Since the first time we went to visit the inner city ministry that’s five hours from our current home, God has been working on me. I believe with my whole heart that my future lies in that place, even though it is not what I would have planned for myself. With each new life situation that hurts me, I feel like I “get it” a little bit more. When I say “get it,” I mean that I understand God’s heart a little more. I feel heartache and pain, which gives me insight into how He feels, and how very much He loves each one of His hurting children. It also helps me understand what other people are feeling–how hurt and helpless they can feel in certain situations. I don’t want them to be alone in their hurt. This is sort of an odd segue into the overarching theme of this post, but it shows you the direction my heart is going.
Let’s back up to my childhood. Probably in fourth grade is when I started to recognize and care about issues of justice. There were some novels that I read which really helped shape my thinking during those formative years. Number the Stars introduced me to the Jewish Holocaust. The Giver raised my awareness of how a society should function. Roll of Thunder, Hear My Cry made me aware of racial prejudice against African Americans. Ever since then I’ve been fascinated by social justice issues. It’s something that I’ve studied–trying to understand how prejudice happens, why, and how it can be dealt with. Up until quite recently, I had no thought of pursuing this issue or trying to deal with it in real life.
Speaking of those who experience injustice, I believe that God calls Christians to suffer with their brothers and sisters when they are suffering. I know that there are Christian brothers and sisters suffering in the inner city. I know that there are children in need of some love and stability, which we could provide as foster parents.
Don’t get me wrong–I am certainly no superhero. I recognize how vulnerable I am and that I am the same as everyone else. Actually, I think that’s a great boon. Because God allowed my false image of self to be shattered, and He carefully rebuilt it Himself, I can better appreciate the people around me and their struggles. I know what it’s like to feel unsafe in your own home as a child. I know what it’s like to lose a loved one to drugs. I know what it’s like to be in a relationship that is destroying you. I know what it’s like when somebody hurts your children. I know what it’s like to feel alone and abandoned. I know what it’s like to be poor. I can now thank God for all of the circumstances He’s allowed me to go through because they have produced a richness in my soul and life experience which I would not have otherwise had. These are all assets for loving and serving others.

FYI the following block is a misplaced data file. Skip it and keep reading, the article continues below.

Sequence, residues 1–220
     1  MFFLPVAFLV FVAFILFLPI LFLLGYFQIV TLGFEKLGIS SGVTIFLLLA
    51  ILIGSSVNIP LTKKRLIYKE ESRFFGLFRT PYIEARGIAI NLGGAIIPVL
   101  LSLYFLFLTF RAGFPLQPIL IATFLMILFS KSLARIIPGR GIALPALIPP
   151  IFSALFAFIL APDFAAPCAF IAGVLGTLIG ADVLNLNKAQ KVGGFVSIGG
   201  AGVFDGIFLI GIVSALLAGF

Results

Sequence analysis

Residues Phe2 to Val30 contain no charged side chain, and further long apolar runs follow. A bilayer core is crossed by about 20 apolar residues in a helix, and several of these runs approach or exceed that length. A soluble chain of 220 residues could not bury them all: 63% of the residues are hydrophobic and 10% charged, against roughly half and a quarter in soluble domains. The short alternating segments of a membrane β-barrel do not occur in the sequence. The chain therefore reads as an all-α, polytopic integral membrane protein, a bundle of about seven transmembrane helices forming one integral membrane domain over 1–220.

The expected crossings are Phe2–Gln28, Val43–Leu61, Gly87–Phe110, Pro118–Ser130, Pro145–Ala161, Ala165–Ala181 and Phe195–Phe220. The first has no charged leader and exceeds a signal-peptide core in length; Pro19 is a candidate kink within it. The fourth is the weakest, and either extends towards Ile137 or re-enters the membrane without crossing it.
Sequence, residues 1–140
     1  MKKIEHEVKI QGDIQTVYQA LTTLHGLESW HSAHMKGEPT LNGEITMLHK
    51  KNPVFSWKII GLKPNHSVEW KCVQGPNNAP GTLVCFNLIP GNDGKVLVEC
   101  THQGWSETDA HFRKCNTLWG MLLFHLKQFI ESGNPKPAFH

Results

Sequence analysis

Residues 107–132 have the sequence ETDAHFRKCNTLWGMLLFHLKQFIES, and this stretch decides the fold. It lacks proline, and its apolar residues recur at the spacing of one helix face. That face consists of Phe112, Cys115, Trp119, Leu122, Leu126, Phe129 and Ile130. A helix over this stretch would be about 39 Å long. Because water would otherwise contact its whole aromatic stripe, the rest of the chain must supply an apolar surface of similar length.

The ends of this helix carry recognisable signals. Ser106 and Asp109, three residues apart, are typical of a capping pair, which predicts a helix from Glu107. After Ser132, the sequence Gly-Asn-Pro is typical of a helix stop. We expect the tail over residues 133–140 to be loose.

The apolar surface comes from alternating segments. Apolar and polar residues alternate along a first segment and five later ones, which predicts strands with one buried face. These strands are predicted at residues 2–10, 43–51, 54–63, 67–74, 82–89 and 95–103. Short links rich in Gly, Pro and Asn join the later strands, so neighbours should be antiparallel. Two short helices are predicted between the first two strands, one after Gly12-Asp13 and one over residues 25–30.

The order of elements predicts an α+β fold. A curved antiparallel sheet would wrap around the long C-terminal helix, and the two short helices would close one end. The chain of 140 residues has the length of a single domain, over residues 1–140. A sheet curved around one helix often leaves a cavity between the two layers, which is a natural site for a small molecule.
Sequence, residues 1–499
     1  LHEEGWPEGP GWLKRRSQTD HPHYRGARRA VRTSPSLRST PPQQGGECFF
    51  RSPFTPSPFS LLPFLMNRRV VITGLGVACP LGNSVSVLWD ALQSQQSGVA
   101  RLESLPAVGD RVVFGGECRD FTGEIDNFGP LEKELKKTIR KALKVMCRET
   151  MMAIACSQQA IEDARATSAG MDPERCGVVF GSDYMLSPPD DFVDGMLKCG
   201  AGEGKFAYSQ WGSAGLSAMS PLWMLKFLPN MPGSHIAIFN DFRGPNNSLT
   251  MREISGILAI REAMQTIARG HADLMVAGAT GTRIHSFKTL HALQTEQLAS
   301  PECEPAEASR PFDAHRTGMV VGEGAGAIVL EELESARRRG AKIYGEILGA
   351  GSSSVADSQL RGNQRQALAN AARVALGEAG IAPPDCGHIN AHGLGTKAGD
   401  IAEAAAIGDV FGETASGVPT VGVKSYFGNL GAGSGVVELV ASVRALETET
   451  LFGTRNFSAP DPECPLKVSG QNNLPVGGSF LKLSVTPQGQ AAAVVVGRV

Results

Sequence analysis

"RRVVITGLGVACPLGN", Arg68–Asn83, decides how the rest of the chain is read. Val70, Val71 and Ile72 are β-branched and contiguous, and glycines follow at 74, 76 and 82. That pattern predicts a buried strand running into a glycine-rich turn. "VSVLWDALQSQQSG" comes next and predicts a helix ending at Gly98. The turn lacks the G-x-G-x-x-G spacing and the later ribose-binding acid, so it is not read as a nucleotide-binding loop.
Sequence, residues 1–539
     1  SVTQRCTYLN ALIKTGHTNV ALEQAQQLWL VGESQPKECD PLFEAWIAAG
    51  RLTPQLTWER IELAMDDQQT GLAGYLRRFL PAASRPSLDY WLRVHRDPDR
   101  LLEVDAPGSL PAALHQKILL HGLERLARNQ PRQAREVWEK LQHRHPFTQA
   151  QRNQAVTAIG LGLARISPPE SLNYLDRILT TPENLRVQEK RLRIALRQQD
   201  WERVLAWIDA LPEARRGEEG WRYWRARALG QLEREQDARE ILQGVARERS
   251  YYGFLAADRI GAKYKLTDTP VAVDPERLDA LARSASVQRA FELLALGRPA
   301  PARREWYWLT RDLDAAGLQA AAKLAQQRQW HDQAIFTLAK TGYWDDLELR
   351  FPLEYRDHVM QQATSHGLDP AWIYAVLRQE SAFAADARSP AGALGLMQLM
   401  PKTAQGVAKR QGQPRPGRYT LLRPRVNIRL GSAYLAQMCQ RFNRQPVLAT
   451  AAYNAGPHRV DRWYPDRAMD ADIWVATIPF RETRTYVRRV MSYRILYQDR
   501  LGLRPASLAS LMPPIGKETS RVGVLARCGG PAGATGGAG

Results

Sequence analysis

I’m not looking to “help” people in the inner city. I’m looking to live side-by-side with them, in reciprocal relationships. If I try to impose my help on someone else and make it a one-way proposition, I am depriving them of their dignity. A person is not a charity project. They are a living, breathing representation of God’s hope and love. They are one of God’s children and inherently valuable. Maybe they don’t recognize their importance, but it’s my calling to remind them through word and deed.
So…I want to live in a neighborhood where I stick out as the “odd white lady.” If racial reconciliation is to happen (which I believe is part of our Christian duty), then white people have to be willing to enter into community with black/latino/asian/Native American people. Prejudices are changed as we get to know one another in real life and participate in shared experiences. I could live this way for a lifetime and only scratch the surface of the hurt and misunderstanding that need addressing.
That brings me to my next thought. I believe that it is absolutely imperative that today’s young generation embark on the quest for racial reconciliation. Visionary adult leaders need to seek ways to not only educate young people, but give them real-life opportunities to engage with those of another race in meaningful interaction.
Far from being perfect, I believe that God wants to use me in this way because of my imperfections. I can relate to people. I seek to understand their thoughts and feelings, while sharing my own struggles and imperfections. People want to know that you care about them, more than that you have a solution. Just knowing that somebody’s got your back can make the difference between weathering life’s storms or collapsing in defeat.
This post has been all over the place, but I hope that you understand what I’m trying to say. Let’s hope I can figure out a way to say this a little more coherently in the future. 😉
P.S. I forgot an important component to this whole issue–the good that God has planned for us in the midst of this real-life reconciliation model of living. I’ve talked about how I want to invest in the lives of others, but one of the best parts is that my life will be enriched, as well. I know that there will be neighbors and friends who will love me and my family, who will support us, and who will teach us new truths. This won’t be a one-way street, but one that is full of learning and enrichment on both sides of the road.